I admit, I skimp them sometimes when I read, especially when the author dwells on describing something mundane. A sunset is a sunset -- I can imagine one just fine -- unless it has some emotional resonance or moves the plot or develops characters.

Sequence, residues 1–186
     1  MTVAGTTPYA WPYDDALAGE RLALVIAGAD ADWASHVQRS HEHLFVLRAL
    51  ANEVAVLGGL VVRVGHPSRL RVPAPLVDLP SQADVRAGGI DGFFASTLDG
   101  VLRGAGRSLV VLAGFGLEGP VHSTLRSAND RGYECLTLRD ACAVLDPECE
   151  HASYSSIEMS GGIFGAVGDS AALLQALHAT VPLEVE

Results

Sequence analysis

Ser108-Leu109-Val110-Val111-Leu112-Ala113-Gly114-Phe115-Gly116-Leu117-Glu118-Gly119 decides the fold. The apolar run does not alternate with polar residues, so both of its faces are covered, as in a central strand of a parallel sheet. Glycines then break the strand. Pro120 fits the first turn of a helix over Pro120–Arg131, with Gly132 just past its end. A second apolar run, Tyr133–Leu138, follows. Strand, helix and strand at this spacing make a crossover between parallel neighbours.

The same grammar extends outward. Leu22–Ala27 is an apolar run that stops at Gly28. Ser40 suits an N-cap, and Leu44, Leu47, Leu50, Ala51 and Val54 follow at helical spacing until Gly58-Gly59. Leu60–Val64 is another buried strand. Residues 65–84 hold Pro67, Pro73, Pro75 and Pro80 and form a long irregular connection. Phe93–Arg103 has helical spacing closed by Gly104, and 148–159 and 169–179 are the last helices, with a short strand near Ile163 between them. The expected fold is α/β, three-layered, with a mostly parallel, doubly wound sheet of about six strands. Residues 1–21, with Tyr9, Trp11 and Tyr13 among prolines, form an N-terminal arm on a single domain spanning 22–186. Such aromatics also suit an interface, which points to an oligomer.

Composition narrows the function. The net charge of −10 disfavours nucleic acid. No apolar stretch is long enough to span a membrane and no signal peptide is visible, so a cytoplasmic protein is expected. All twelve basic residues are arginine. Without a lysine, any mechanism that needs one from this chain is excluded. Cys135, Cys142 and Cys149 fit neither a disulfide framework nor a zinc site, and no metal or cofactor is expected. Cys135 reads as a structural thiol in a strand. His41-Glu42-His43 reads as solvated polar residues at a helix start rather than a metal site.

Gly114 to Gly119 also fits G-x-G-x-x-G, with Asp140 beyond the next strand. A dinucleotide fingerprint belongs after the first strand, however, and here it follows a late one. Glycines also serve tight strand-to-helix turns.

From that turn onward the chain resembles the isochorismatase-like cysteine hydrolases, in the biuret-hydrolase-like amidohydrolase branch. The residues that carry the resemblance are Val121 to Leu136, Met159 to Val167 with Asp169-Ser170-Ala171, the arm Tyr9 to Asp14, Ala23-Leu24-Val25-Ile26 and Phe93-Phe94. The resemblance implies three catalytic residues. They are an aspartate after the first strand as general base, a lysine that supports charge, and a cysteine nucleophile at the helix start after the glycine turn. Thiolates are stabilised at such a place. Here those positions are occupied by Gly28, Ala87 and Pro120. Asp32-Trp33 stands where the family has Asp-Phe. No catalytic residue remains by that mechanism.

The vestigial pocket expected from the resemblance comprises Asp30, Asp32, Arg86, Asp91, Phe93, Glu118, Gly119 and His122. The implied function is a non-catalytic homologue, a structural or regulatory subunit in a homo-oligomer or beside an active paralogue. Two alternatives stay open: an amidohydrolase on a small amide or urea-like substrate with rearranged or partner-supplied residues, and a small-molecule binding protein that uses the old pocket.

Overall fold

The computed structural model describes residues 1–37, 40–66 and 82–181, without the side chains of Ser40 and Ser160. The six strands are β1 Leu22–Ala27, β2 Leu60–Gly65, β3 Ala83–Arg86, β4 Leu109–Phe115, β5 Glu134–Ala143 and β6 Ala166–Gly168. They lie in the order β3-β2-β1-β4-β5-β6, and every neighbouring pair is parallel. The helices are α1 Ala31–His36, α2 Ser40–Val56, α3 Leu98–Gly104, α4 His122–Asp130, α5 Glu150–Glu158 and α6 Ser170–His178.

Good descriptions, like the painstaking details in a movie (such as Titanic), enhance the reading experience. Descriptions can be wonderful. Vivid descriptions put you in a 3-D space and transport you to that world, whether it's an alien planet or your hometown. The trick is to find the balance. In a movie, you don't want to let the set, the landscape, cinematography, etc. dominate the story and characters. Same concept in a story -- you don't want to STOP the story cold just to describe some beautiful sceneries. There has to be a reason, and descriptions should support and enhance the story, not overwhelm it. The best descriptions are those tightly integrated into the story, and the best descriptions always contain movements.


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